“I want you to picture the scene. It’s very important that you get this very clear in your mind. Here’s the table, newspaper, cup of coffee, packet of cookies. There’s a guy sitting opposite me, perfectly ordinary-looking guy wearing a business suit, carrying a briefcase. It didn’t look like he was going to do anything weird. What he did was this: he suddenly leaned across, picked up the packet of [my] cookies, tore it open, took one out, and ate it. Now this, I have to say, is the sort of thing the British are very bad at dealing with. There’s nothing in our background, upbringing, or education that teaches you how to deal with someone who in broad daylight has just stolen your cookies.
You know what would happen if this had been South Central Los Angeles. There would have very quickly been gunfire, helicopters coming in, CNN, you know. . . But in the end, I did what any red-blooded Englishman would do: I ignored it.“
Another quick post of the menu board from this week’s Souper Saturday where we had a rather luxurious menu which was also easy to prepare and therefore gave staff plenty time to interact with our guests. Sorry about that guests!
Really though, it was good to be able to give more attention to the people rather than the food and I think that it would be good to try to keep it that way in future. As I have mentioned in previous posts the whole point of Souper Saturday is to provide a safe and, without being patronising or fussy, non-judgemental social environment. We like to feed folk too (what host would let a guest leave with an empty stomach!?) obviously and that’s what costs money so if you fancy, you might want to consider subscribing via Paypal, which will allow you to easily donate £5 per month, how cool is that?!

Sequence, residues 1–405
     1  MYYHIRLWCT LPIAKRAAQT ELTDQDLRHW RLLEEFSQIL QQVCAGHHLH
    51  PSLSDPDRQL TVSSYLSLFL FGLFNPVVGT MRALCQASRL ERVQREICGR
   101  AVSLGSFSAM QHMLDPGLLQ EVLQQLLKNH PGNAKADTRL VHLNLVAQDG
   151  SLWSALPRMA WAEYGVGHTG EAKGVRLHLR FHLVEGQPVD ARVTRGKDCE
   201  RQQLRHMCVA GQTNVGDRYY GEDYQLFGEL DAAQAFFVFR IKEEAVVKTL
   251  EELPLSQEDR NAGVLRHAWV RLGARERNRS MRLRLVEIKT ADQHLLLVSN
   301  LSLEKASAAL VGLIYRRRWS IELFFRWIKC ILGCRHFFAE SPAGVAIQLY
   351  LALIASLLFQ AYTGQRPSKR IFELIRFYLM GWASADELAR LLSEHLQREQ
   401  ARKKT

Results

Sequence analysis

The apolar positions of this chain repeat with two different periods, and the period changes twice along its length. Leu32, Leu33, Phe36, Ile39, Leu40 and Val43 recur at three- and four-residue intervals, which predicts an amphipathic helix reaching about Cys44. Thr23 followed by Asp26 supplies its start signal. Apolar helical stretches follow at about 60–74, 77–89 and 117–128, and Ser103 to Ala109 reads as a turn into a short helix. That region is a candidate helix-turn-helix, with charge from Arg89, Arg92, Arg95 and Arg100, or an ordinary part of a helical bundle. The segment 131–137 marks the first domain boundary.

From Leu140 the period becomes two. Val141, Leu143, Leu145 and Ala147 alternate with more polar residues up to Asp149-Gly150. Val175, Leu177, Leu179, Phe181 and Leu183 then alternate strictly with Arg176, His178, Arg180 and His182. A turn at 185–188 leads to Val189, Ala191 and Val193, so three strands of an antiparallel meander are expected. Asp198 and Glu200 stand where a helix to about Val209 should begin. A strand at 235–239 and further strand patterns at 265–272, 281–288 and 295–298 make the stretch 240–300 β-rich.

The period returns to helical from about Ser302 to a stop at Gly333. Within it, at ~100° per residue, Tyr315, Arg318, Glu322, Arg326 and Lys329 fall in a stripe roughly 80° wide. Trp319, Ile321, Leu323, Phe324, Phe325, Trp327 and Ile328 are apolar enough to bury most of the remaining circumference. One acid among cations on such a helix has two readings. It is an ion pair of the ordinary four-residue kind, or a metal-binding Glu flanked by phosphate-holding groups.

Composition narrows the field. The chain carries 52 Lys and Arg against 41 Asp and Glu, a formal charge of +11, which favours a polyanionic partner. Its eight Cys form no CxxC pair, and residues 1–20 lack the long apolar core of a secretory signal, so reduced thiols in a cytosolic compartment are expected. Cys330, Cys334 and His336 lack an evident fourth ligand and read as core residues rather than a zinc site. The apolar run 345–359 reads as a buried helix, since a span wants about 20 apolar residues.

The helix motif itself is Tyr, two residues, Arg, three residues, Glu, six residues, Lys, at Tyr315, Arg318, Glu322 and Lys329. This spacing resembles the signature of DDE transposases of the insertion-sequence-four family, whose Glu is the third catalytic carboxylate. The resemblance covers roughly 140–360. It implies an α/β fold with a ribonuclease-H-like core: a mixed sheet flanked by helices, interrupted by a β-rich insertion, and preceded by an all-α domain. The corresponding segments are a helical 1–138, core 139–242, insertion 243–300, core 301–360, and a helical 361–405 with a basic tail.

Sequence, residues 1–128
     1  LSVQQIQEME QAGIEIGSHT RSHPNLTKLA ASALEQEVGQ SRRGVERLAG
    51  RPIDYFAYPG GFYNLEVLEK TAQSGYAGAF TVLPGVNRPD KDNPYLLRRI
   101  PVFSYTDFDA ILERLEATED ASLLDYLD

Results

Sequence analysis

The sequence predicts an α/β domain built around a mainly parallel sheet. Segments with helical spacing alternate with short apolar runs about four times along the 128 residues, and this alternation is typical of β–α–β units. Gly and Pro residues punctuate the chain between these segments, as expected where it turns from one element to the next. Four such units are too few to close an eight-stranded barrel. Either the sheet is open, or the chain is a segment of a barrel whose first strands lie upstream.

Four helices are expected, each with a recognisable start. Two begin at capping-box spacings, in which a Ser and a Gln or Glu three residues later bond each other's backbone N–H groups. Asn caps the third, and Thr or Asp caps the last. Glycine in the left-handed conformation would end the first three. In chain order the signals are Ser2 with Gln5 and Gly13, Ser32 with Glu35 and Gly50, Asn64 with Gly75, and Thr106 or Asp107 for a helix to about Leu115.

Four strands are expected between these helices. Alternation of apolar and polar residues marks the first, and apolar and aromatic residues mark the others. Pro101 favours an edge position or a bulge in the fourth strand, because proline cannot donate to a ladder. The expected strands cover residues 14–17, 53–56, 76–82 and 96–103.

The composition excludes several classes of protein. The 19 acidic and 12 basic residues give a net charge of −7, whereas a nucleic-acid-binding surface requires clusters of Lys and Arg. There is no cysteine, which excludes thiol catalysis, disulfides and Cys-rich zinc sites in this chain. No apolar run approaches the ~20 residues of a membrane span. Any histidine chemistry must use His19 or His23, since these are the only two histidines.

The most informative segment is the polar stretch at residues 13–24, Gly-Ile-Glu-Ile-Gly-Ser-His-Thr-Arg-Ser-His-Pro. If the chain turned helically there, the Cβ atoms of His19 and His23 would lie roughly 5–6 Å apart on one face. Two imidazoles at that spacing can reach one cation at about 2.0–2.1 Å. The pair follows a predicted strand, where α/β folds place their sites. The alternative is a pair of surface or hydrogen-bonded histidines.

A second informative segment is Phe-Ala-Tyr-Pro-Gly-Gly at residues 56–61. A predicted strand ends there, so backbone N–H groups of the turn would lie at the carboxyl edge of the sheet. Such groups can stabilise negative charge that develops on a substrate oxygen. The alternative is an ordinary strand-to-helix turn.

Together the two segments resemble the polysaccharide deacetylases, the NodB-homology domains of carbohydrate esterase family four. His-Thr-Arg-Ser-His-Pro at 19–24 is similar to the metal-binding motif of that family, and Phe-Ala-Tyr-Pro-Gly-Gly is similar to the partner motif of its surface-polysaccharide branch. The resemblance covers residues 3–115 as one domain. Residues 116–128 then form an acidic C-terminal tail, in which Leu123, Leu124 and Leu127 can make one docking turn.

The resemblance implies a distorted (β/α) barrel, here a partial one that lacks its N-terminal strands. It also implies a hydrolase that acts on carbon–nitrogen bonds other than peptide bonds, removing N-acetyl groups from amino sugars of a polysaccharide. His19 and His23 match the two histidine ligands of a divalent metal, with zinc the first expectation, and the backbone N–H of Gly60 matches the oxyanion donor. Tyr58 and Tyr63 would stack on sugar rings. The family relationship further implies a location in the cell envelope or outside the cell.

This donation method will allow us to plan ahead a bit more.
Alternatively, you may wish to give a one-off donation, which is also very much appreciated! To do this you can simply use Paypal to pay soupersaturday at talktalk dot net or if you like to keep life less technical you could always pop a donation into us on any Saturday. We’re not choosy, we take any donation going!
Thanks again to our wonderful volunteers who do all the real work like dish-washing and allow me to do all the rubbish stuff like blog-writing and blethering; you guys are top bananas!
Here’s a pic of last week’s board. I’ve blogged it because I am worried that my previous comment about its unsuitability for public viewing might have been taken too literally: as you ccan see, it’s a little irreverand but certainly not offensive!
Today’s Souper Saturday was less hectic for me (Mark) than it has been of late and I was able to extricate myself from the kitchen for a an hour or so and spend some time chatting with the guests and with some of the Church’s lovely staff; including Steven (or is it Stephen?), who is the new Assistant Rector and yet another very nice fella (does St John’s kidnap and brainwash the world’s supply of lovely people so that they can hoard them all for themselves I wonder?). He has lead a very interesting life not least a twenty year spell in a monastery! He says that when he left he didn’t have a clue about any music or other entertainment form the past 20 years, but he seems to have picked up on modern technology awfy quickly since he was rocking that Android phone like a 12-year-old geek with a Reddit problem!